Under floor heating can be a great choice for heating your entire home or for just keeping a bathroom floor warm during the long winter months. This type of heating works well for underneath carpeting, stone, wood floorboards, and a variety of tiles as well. You might consider having this type of system installed by a contractor to ensure it gets done right, and he or she may be able to help you decide on the right type. However, it's good to note a few tips on making that choice so you know which type of system would work best in your home.
Wet systems work with your home's hot water heater and are one long continuous pipe that runs along the subfloor. This continuous pipe means there is little chance of the system leaking or coming apart at joints. A wet system usually needs to be installed by a professional to ensure it's connected properly to your hot water heater.
The advantage of a wet system includes more humidity in the home during the dry winter season; this can also keep wood floorboards from getting drier with heating underneath them. Note that this system doesn't produce so much humidity that it may mean the increase of mold or mildew growth--just added comfort during the winter months. One concern to remember about a wet system, however, is that your home's hot water heater needs to be able to accommodate. Depending on the size of the under floor heating system, you may need to upgrade your hot water heater to something with a larger capacity.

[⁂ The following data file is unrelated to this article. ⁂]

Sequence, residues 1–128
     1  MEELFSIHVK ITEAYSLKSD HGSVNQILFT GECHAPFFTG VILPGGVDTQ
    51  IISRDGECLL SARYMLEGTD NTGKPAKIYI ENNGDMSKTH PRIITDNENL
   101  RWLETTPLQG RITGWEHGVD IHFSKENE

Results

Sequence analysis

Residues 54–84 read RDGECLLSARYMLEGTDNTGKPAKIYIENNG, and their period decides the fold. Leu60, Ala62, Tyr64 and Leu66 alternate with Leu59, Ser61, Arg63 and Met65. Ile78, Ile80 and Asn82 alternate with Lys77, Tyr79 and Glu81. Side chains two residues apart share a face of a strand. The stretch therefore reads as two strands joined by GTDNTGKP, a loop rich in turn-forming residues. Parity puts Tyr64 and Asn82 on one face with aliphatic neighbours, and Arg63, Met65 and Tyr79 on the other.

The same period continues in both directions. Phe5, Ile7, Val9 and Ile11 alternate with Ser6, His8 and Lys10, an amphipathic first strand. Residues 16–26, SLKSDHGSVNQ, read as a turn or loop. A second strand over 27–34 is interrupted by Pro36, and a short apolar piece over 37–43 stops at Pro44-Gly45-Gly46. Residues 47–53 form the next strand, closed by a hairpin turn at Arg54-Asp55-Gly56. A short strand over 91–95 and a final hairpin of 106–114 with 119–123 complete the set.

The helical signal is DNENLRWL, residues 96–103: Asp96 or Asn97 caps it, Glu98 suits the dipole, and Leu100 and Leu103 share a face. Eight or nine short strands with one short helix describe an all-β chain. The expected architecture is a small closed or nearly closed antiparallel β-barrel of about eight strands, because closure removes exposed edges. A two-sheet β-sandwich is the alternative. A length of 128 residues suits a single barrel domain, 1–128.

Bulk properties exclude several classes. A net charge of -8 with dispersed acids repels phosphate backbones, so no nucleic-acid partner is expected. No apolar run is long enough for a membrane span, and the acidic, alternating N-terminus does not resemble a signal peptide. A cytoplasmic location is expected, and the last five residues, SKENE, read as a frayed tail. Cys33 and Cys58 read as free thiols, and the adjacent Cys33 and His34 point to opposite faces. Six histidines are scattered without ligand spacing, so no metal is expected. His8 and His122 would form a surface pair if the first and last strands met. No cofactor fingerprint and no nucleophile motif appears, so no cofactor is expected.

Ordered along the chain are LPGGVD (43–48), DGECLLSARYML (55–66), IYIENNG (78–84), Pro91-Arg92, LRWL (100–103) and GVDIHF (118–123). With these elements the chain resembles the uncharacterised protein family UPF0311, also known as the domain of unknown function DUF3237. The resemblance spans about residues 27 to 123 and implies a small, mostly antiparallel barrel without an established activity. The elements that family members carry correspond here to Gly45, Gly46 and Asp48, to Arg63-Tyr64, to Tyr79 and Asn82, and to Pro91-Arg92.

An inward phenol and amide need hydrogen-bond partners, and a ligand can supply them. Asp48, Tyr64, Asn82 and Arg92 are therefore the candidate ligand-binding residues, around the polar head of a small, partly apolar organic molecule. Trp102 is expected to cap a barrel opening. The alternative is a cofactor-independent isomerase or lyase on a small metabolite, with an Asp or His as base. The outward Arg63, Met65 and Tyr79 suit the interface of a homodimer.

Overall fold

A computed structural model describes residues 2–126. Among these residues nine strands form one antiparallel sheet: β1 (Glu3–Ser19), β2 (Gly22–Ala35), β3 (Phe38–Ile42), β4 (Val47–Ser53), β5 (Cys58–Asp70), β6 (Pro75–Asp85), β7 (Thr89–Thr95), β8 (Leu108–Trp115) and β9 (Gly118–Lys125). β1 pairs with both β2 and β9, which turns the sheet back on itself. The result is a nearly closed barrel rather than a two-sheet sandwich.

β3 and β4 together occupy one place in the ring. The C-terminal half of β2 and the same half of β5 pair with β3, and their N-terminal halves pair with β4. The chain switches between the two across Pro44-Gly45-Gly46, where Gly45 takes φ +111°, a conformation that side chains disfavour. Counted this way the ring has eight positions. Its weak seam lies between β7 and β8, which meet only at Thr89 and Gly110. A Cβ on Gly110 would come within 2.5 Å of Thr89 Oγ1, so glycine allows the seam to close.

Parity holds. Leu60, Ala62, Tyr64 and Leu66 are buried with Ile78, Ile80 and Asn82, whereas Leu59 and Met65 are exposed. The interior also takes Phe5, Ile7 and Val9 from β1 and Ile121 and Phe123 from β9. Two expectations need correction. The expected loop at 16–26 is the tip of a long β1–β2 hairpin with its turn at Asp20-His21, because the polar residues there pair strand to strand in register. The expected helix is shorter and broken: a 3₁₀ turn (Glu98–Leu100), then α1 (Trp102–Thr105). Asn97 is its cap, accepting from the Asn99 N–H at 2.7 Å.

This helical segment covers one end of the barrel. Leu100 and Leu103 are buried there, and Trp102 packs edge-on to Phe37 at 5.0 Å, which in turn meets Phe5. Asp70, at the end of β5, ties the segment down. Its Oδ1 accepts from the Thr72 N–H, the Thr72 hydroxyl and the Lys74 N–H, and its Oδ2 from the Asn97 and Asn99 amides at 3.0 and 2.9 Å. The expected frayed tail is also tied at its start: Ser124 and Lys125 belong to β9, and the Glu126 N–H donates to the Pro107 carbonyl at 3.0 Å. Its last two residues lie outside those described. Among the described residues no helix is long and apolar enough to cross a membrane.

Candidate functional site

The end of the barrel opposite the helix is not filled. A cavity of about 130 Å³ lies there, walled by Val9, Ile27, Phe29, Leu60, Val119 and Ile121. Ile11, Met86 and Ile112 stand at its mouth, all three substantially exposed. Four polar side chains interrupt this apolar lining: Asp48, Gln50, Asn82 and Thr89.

Dry systems work with electricity; a series of cables get plugged in and conduct warmth underneath a type of mat that keeps them in place. One advantage of a dry system is that many come in rolls that you simply unroll over your home's subfloor and cut to fit. It is then connected to a switch that is connected to the home's electrical panel. This mat requires less room for installation than the wet system, so it may be a better option for tile or stone, which needs more room to be installed over the subfloor.
Note that a dry system may not be as comfortable during dry winter months as a wet system; although adding a room humidifier can often compensate. They may also cost more to operate than a wet system, as it may take more energy to heat the cables of a dry system than it does to heat the water used in a wet system.